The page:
Skip to content

Recently Read…September 17, 2012

Small books, slim books, often with lots of white space on the page due to wide margins and generous leading, hold a certain promise.  They suggest a quick read, a snack rather than a meal.  But small books – like the two below – can often be high-powered distillations, full of suggestions rather than answers.

Both of today’s books deal with appetites and desires that become obsessions.  Elise Blackwell’s 2004 novel Hunger (my 2008 softcover edition is from Unbridled Books) centers on a man of many appetites (mostly women and food).  He’s a scientist at a Soviet institute dedicated to saving and studying the world’s plant seeds.  Hunger is set in Leningrad in World War Two at the time of the German siege, which lasted two and a half years at a cost of a million and a half lives.  As the siege and resulting famine wear on, the scientist is tempted and then obsessed by the very seeds he has circled the earth to gather and protect.  Blackwell’s taut language focuses on the visual and the physical.  Ideas and emotions are all embedded in objects and bodies.

Cold in the skin.  Cold in the bones of the arm.  Cold in the eyes.  Feet gone from feeling, from knowledge.  There was pain only in odd places, centered on a heavy, aching groin but otherwise intense in its asymmetricality, the finger of one hand, two knuckles on the other, a nostril’s interior, a shrapnel-sized piece of a jawbone, a small concentration in the kidney.

Jacques Bonnet’s recently translated book Phantoms on the Bookshelves is so slim it almost eluded my eye in the bookstore.  I’m a little wary of books that extol the virtues of books and plumb the curiosities that line the author’s library.  Was this tiny book going to be Alberto Manguel-lite?  No, as it turns out.  Bonnet (described as “a publisher, translator, and the author of novels and works of art history”) really uses books and he really know his books.  Early on he asks himself “But why keep tens of thousands of books in one’s private library?”  The answers – and there are many of them – make for delightful and sometimes thought-provoking reading.  It’s hard to imagine anyone finishing this book who isn’t impelled to head for the nearest bookstore as soon as possible with the intention of adding more books to their own library shelves.

My systematic acquisitions have come firstly from habits I have acquired as an eternal autodidact…[for example] by following a chain of affinities between different authors – for example, Diderot’s Jacques le Fataliste led me to Tristram Shandy, Arthur Rimbaud sent me to Germain Nouveau.  Leonardo Sciascia to Luigi Pirandello, and Pirandello to Giovanni Verga.  Or perhaps a book by a single author has encouraged me to try and discover a whole body of literature.  Let me take the example of Pan again… That single book drew me first to read all the rest of [Knut] Hamsun’s books…Then I embarked on reading all the Scandinavian literature translated into French that I could lay my hands on…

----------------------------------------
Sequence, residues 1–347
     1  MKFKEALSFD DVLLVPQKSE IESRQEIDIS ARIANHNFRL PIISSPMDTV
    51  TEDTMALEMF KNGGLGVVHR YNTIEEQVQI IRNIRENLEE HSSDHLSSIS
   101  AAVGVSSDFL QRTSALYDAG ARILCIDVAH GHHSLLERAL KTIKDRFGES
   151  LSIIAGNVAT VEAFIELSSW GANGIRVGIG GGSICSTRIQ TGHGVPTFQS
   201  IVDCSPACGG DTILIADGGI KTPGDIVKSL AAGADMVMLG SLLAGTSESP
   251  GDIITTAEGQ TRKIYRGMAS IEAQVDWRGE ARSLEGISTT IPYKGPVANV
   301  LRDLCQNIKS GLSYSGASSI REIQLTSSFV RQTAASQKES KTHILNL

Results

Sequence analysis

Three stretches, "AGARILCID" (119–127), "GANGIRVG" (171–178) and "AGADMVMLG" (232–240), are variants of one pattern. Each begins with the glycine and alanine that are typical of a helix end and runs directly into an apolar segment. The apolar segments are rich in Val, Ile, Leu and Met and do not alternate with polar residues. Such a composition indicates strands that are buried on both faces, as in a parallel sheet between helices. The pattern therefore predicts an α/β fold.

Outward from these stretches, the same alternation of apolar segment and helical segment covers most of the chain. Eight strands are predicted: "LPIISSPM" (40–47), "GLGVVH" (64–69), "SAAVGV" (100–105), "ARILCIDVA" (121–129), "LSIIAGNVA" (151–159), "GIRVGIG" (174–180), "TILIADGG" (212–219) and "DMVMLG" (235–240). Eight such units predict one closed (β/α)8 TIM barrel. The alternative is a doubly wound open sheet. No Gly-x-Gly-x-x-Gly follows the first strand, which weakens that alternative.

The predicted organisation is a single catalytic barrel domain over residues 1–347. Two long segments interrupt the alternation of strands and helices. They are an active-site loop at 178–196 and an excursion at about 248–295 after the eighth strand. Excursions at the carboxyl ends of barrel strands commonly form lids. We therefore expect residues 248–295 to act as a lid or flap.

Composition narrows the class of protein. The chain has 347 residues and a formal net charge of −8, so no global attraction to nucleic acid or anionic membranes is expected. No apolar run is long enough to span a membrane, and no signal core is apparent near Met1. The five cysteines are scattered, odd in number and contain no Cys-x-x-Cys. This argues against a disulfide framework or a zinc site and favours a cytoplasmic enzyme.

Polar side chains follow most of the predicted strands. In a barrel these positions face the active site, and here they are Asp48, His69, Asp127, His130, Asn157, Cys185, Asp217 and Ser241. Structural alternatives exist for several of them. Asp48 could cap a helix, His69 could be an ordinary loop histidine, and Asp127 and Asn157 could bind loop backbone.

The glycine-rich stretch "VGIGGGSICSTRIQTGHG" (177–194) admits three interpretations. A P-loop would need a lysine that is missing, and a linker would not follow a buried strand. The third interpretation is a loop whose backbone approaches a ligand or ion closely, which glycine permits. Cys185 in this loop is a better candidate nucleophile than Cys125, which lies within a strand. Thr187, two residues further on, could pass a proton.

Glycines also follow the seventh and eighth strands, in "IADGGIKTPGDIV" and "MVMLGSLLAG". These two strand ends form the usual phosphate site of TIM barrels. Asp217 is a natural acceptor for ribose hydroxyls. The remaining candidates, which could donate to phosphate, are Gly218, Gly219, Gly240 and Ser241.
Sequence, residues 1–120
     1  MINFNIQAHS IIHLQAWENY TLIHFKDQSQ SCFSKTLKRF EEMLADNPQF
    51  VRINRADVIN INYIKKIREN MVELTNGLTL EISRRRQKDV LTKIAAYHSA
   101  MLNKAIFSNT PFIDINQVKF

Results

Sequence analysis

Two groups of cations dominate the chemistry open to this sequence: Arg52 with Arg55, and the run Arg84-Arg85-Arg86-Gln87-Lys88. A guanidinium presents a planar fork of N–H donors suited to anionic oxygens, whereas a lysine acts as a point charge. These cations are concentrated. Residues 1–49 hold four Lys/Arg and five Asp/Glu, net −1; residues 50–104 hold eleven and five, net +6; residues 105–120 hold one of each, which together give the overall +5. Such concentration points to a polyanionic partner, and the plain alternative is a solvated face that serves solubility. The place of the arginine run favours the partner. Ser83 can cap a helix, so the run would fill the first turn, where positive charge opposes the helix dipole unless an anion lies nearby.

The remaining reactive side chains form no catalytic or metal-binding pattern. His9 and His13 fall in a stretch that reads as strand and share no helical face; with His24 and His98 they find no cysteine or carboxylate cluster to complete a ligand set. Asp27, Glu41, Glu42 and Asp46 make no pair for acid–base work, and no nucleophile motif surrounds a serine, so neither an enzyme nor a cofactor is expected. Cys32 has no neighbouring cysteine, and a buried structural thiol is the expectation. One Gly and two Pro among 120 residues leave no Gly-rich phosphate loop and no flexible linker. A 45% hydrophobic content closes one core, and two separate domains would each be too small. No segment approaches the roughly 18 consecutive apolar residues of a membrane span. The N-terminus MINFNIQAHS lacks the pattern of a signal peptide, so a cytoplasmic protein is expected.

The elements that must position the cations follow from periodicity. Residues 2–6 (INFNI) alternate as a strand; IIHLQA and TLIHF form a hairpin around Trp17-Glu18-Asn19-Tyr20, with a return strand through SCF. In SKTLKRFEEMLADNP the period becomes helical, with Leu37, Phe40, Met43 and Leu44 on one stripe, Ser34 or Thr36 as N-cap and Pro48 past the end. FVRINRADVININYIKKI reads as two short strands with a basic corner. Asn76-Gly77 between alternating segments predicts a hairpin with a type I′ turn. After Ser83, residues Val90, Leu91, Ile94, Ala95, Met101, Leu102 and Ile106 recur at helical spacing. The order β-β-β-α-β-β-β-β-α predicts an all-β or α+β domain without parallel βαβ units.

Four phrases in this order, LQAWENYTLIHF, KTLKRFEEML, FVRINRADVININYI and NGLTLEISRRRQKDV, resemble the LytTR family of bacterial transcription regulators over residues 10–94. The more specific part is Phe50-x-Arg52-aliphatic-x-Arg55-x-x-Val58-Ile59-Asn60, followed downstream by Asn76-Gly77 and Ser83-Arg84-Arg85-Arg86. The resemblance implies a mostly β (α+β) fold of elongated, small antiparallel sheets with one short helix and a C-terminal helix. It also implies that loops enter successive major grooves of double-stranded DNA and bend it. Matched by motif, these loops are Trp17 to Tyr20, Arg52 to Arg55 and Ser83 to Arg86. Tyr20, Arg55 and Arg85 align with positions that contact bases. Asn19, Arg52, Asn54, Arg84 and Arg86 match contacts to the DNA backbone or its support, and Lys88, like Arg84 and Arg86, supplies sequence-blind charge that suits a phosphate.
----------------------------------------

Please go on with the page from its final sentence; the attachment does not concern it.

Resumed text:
One Comment Post a comment
  1. nicholas edger #

    I read this last week and promptly ordered both of these books. I enjoyed them, but, more curious is the brief story I want to recount.

    Having read Bonnet’s book, you’ll know he mentions Pan by Knut Hamsun on a variety of occasions throughout. For some reason this particular reference stood out for me amongst all of the many others. A few days ago I was reading Bonnet’s book on the train and had to pause mid-way through a chapter to alight; the place where I stopped was (another) section listing a variety of titles and authors, including Hamsun’s Pan. After leaving the train station I made my way to a clothes shop to return a pair of trousers that didn’t fit as well as I initially thought, and then, I went to my favourite second-hand book store. As I browsed there, drifting from left to right, past the the wall of drama and poetry towards fiction, I first came across Austerlitz by Sebald. I picked it up because the copy of that which I had read a few years ago was actually borrowed from a friend, and I had been meaning to buy it for my own collection for a long while. I then came across Hamsun’s novel Pan. I bought it, and I am currently enjoying it thoroughly.

    Thanks for the post, it has brought my attention to Hamsun (and again to Sebald).

    October 3, 2012

Leave a Reply

Fill in your details below or click an icon to log in: Logo

You are commenting using your account. Log Out /  Change )

Google photo

You are commenting using your Google account. Log Out /  Change )

Twitter picture

You are commenting using your Twitter account. Log Out /  Change )

Facebook photo

You are commenting using your Facebook account. Log Out /  Change )

Connecting to %s

%d bloggers like this: